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Tips for recovering from birth

Tips for recovering from birth

Your body has just done an incredible thing – it has grown a whole new human! This is an incredible feat, and your body needs time to recover afterward. During pregnancy, many of your organs and muscles move and stretch to accommodate the growing womb. You may also have stitches or a caesarean wound from your birth. In this article, I have shared my top tips for recovering from birth.

Rest

Resting is important, as you are likely to be quite tired from the birth and frequent night feeds. I suggest at least daily naps to my clients for the first few weeks. Often women tell me the hardest nights are the ones where they have been busy in the day and haven't made time to rest.

Make sure your partner is on board with this too - you might need to take shifts holding your baby so you can both catch up on some sleep.

Limiting visitors

Although I am sure you are excited for your little one to meet everyone, many women feel overwhelmed if they have too many visitors in the first few weeks. In many cultures around the world, mum and baby don't have any visitors until after the first month!

I know that social connection and support is important, so I encourage you to think about how you can find a balance that works for you- where you can still socialise with your family and friends, but also give your body the rest it needs.

When you message everyone to let them know your baby has arrived, you might like to put a little note at the end of the message that says 'we are so excited for you to meet him/her, but want to focus on our family for now so will let you know when we're ready for visitors'. I find this works really well and reduces the overwhelm of endless visitors.

Tips for tears and stitches

Vaginal pain/stitches

  • Ice can be helpful for reducing pain and swelling. Frozen maternity pads or ice packs are a great option.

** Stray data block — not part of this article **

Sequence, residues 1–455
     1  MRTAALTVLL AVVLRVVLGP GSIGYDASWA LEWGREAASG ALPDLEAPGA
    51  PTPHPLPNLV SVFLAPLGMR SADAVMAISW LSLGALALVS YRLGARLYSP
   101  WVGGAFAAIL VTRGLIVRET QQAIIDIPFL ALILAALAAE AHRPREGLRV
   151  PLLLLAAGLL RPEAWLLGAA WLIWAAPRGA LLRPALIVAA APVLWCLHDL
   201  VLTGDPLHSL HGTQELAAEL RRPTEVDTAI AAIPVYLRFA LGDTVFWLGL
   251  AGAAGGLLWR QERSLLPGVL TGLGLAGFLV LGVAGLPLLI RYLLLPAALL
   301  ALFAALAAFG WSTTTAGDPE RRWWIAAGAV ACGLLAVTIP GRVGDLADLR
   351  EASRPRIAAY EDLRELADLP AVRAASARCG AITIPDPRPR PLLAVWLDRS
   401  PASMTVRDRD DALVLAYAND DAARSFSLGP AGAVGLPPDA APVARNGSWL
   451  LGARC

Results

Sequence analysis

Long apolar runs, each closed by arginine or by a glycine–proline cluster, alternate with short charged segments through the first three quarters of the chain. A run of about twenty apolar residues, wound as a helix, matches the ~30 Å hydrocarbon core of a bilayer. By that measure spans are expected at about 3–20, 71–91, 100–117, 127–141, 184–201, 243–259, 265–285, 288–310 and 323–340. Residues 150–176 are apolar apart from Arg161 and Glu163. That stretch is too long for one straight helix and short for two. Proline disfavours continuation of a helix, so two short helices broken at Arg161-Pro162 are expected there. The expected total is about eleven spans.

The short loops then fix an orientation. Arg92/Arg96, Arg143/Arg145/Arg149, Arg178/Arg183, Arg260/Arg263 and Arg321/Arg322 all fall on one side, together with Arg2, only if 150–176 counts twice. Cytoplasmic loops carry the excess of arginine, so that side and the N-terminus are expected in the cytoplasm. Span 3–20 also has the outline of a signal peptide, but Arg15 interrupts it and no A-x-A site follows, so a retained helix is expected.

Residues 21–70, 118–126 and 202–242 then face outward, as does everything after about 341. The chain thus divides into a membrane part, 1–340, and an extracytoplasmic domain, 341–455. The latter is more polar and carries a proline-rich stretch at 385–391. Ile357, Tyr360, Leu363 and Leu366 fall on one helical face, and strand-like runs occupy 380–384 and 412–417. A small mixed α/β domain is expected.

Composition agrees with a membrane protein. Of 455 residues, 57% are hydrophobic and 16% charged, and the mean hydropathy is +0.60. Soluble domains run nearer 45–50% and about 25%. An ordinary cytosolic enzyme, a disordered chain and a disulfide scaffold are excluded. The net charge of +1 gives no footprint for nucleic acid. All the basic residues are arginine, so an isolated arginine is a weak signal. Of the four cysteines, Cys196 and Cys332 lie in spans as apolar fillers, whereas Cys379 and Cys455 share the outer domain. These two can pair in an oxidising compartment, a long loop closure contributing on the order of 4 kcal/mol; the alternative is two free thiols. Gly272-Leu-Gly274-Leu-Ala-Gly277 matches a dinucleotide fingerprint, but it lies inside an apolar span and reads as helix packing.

• Keep the area clean but avoid using soap/body wash. Clean water during a shower is great, or you might like to try warm water or saline in a drink bottle to squeeze on the area after going to the toilet.

  • Lying on your side rather than sitting (where possible) is often much more comfortable and reduces pressure on this area while it heals.

Caesarean wound

  • Follow directions from your doctor/midwife regarding how to care for your wound.
  • Pain relief will usually be recommended by your doctor and I encourage you to keep on top of your pain so that you are able to move around and feed your baby comfortably.
  • You may find breastfeeding on your side lying down or football hold positions to be more comfortable as they do not put pressure on your incision.

Please contact your care provider immediately if you have any signs of infection such as redness, increasing ooze or discharge, odour, or an increase in pain.

Baby bump after birth

Know that it is completely normal to still have a baby bump for a good few weeks after birth. This is something that many mums are not expecting, and it can be quite a shock.

This ‘bump’ is because of the muscle relaxation that occurs during pregnancy and is also due to the womb still returning to its pre-pregnancy size. Your body will take a full six weeks (if not longer) to recover from birth.

Returning to exercise

Many women find going for a gentle walk to be beneficial. I recommend seeing a physiotherapist who has completed extra training in women’s health at around 6-8 weeks postnatal. This is important before returning to exercise, but also for supporting your pelvic floor long term.

Group exercise options such as yoga, pilates, and mums and bubs exercise can be great for both physical health, but also connecting with new mums. Please check with your midwife or obstetrician before recommencing exercise.

Taking it slow and focussing on your recovery in those first few weeks is crucial. There is no hurry. Just enjoy this time resting and getting to know your baby.

Article written by PBC Expo Midwife Hannah